Lisa Unger is the New York Times and internationally bestselling author of 21 novels. With books published in 33 languages and millions of copies sold worldwide, she is regarded as a master of suspense.
Unger’s critically acclaimed novels have been featured on “Best Book” lists from the Today Show, Good Morning America, Entertainment Weekly, People, Amazon, Goodreads, L.A. Times, The Boston Globe, Sun Sentinel, Tampa Bay Times, and many others. She has been nominated for, or won, numerous awards including the Strand Critics, Audie, Hammett, Macavity, ITW Thriller, and Goodreads Choice.
In 2019, she received two Edgar Award nominations, an honor held by only a few authors, including Agatha Christie. Her short fiction has been anthologized in The Best American Mystery and Suspense, and her nonfiction has appeared in The New York Times, Wall Street Journal, NPR, and Travel+Leisure. Lisa is the current co-President of the International Thriller Writers organization.
In this post, Lisa shares who prompted her most recent novella, what its central theme is, and more.
Name: Lisa Unger
Literary agent: Amy Berkower, Writers House
Book title: Christmas Presents
Publisher: Mysterious Press
Release date: October 24, 2023
Genre/category: Christmas thriller novella
Previous titles: 20 previous novels, as well as short stories and other novellas, all found here: www.lisaunger.com
Elevator pitch for the book: Bookstore owner Madeline Martin thinks her dark past is buried until a controversial true crime podcaster shows up a few days before Christmas with questions. As the holiday approaches and a winter blizzard bears down, Madeline is forced to discover that the past is not dead, it’s not even past.
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What prompted you to write this book?
I love a glittery thing. Anything that shines and sparkles—because I know there’s always a shadow side. And it’s that darkness, the thing that everyone tries to hide, that interests me. So, when Otto Penzler asked me to write a Christmas novella, I jumped at the chance.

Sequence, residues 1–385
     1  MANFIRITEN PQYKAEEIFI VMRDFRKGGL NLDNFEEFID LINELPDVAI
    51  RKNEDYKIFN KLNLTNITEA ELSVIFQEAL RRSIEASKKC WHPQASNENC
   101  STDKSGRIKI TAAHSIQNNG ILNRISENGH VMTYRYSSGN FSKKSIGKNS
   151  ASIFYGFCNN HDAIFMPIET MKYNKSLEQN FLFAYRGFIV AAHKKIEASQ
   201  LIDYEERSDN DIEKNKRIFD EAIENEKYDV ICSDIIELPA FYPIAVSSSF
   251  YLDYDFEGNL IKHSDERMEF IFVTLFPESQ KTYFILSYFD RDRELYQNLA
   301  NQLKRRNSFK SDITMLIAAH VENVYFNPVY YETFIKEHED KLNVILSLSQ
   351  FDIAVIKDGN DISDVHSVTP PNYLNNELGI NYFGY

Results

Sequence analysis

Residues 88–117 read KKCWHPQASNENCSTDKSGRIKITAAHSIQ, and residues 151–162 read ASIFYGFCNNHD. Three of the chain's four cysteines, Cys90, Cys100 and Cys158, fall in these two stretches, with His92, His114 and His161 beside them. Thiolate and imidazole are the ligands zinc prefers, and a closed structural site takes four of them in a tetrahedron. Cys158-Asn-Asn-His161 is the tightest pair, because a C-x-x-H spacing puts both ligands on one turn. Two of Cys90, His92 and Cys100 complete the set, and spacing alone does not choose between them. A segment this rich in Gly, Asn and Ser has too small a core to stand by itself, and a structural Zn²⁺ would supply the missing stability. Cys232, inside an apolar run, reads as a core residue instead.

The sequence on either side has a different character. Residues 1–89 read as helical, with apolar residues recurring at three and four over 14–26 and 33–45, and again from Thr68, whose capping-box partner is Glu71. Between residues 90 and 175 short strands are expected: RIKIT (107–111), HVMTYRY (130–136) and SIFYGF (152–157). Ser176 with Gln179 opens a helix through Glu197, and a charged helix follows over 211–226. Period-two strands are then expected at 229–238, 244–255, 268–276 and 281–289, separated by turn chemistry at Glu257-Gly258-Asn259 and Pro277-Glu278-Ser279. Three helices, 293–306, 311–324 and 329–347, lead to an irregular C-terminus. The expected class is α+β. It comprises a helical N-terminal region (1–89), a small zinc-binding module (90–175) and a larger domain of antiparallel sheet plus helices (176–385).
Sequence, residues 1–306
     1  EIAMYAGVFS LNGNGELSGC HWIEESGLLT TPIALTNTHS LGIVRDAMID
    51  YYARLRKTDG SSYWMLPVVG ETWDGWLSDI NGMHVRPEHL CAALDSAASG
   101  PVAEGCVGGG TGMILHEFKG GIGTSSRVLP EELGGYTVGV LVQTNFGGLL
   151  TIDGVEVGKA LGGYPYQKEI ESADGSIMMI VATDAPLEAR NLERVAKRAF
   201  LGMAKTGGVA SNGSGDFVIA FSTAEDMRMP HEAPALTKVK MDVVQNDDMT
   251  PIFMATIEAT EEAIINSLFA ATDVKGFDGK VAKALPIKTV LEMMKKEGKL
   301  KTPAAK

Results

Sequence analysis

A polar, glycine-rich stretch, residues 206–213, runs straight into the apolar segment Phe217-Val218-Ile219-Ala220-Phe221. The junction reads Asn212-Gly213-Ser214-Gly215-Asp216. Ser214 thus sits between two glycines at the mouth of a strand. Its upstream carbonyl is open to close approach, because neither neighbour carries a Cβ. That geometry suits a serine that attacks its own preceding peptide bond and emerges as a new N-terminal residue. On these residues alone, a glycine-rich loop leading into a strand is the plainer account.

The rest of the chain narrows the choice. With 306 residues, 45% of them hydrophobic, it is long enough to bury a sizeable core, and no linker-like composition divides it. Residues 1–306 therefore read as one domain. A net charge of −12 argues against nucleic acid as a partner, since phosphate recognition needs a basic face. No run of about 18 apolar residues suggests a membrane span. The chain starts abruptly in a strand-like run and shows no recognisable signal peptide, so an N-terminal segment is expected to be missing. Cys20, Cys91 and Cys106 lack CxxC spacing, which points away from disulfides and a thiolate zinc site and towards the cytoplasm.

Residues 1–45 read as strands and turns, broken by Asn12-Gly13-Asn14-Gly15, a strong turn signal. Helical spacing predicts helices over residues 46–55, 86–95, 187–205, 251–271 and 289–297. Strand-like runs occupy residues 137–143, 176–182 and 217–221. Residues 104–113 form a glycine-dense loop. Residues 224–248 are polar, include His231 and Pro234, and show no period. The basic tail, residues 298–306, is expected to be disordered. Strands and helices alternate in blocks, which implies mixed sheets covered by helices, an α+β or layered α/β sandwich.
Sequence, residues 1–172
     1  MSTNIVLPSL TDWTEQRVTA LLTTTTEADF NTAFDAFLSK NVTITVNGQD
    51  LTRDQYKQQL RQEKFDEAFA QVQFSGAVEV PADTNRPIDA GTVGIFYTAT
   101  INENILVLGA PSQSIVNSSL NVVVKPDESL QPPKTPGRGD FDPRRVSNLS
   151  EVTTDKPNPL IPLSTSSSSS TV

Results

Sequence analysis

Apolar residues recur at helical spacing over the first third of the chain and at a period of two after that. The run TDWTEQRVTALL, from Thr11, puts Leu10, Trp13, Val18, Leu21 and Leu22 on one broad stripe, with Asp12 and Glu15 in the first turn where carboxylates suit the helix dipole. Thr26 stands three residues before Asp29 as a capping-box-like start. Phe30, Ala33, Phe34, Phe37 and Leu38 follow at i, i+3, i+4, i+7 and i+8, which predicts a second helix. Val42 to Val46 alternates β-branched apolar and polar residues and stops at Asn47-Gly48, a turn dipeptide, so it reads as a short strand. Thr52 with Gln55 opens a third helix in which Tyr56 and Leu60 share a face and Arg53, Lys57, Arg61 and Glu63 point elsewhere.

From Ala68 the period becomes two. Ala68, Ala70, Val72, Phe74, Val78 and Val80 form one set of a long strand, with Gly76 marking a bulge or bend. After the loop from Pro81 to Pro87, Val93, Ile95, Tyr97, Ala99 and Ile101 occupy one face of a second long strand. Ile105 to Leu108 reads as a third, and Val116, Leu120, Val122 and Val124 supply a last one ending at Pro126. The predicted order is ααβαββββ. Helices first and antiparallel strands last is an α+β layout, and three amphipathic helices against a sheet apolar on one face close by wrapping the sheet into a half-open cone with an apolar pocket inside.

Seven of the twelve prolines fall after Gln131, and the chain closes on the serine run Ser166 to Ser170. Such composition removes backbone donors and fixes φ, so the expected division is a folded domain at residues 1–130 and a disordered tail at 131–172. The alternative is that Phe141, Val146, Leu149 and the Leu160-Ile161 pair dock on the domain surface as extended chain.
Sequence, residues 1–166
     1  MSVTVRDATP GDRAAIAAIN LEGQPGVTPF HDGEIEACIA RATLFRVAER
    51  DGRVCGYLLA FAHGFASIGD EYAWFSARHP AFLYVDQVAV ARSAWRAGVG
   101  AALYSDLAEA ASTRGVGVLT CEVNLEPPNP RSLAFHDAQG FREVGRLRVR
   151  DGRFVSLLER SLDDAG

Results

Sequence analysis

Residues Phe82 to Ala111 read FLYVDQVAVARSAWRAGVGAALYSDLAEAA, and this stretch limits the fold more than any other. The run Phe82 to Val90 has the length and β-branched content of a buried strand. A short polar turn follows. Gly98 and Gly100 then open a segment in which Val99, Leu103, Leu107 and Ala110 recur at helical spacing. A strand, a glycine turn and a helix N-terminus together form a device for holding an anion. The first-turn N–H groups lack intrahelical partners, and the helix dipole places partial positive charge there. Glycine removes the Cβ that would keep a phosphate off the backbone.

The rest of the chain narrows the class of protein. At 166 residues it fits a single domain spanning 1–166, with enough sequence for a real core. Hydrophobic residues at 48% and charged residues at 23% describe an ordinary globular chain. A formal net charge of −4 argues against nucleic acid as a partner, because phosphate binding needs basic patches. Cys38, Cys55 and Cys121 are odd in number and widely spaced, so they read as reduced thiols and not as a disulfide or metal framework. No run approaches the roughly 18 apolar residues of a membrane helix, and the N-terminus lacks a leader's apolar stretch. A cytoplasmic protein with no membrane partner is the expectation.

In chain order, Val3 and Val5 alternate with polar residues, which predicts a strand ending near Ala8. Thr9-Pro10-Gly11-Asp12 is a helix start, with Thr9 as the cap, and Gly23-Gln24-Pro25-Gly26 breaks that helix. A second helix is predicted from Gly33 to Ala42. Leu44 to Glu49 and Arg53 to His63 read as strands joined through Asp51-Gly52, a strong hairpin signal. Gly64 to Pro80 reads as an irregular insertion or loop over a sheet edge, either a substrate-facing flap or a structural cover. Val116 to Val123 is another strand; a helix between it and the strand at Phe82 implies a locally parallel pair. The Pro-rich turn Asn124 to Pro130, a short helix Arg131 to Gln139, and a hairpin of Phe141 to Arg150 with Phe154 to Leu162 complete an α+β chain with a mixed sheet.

The holiday season is packaged and sold as this time of joy, communion, family. It’s a story we’re told from childhood—that there will be gifts if we’re good, abundant feasts, love, joy. And yet for many the season is a difficult time, where the flaws in our lives and families are highlighted by the idea that everything is meant to be perfect.
It’s the end of the year, so many people are really examining where they’ve been and their hopes for the future, bad memories and trauma coming to the surface. I was excited to look at all these various facets of Christmastime, even the dark ones.
How long did it take to go from idea to publication? And did the idea change during the process?
Christmas Presents is a novella, so it was really just a few months from idea to first draft. I’d had the idea percolating for a while—something about an independent bookstore owner with secrets and an unethical podcaster—and setting it at Christmas gave me the piece that had been missing.
My stories always start with just a seed, a vague idea, a character voice, and evolve in the writing. So things always change, but the essence, the energy of this one stayed the same throughout the process.
Were there any surprises or learning moments in the publishing process for this title?
Haha. I’ve been around the publishing block a few times—but it’s always a wild, unpredictable ride. I’ve been pleasantly surprised by how excited people are about a Christmas novella that’s really more dark, character-driven psychological suspense than the cozier mystery one might expect set at the holidays.
Were there any surprises in the writing process for this book?
There are always surprises in the writing process. If there weren’t—why write? I write for the same reason that I read, because I want to know what’s going to happen to the people living in my head. I am always in a state of wonder, surprise and awe, deeply devoted to and invested in my characters. And things never go exactly as I imagine they might.
What do you hope readers will get out of your book?
Insert evil laughter here. My unofficial tagline for this book is: Lisa Unger ruins Christmas.
But in all seriousness, it’s always my intention to walk my readers through the night to reach the dawn. And the central theme of the novella is that no matter how dark the past, there is always light to be found in the present. There is always joy, always love, there are always gifts even when you think all is lost—if you can only see what’s right in front of you.
If you could share one piece of advice with other writers, what would it be?
Just write. There’s so much noise these days about what authors must do to self-promote on social media. So many writers seem to think that they need to be influencers in order to survive.
Certainly, there are opportunities to connect with readers that never existed before. And that’s a great thing. But at the end of the day, no one will come to your work and STAY because you created the best video on TikTok.
Readers come to your work and stay because you gave them a great story, one that moved and involved them, that lifted them out of their lives and problems for a time. And to give someone that, you need to bring the best of yourself to the page. So just write. Every day.